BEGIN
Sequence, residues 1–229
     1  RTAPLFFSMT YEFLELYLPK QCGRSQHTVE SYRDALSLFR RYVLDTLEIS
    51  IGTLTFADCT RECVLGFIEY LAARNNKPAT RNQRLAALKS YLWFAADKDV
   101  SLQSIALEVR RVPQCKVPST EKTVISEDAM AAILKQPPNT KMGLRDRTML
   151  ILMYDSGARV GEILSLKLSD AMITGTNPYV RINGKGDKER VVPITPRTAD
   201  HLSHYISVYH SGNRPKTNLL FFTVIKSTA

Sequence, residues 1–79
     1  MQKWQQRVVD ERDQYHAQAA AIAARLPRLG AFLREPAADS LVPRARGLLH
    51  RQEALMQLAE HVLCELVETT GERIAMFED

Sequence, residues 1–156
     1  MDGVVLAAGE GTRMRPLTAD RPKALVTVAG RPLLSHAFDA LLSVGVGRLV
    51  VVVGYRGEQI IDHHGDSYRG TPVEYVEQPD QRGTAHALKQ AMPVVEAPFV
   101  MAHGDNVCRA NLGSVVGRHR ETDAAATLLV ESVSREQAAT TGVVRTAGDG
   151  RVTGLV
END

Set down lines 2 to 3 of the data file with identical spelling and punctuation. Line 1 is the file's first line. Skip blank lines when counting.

     1  RTAPLFFSMT YEFLELYLPK QCGRSQHTVE SYRDALSLFR RYVLDTLEIS
    51  IGTLTFADCT RECVLGFIEY LAARNNKPAT RNQRLAALKS YLWFAADKDV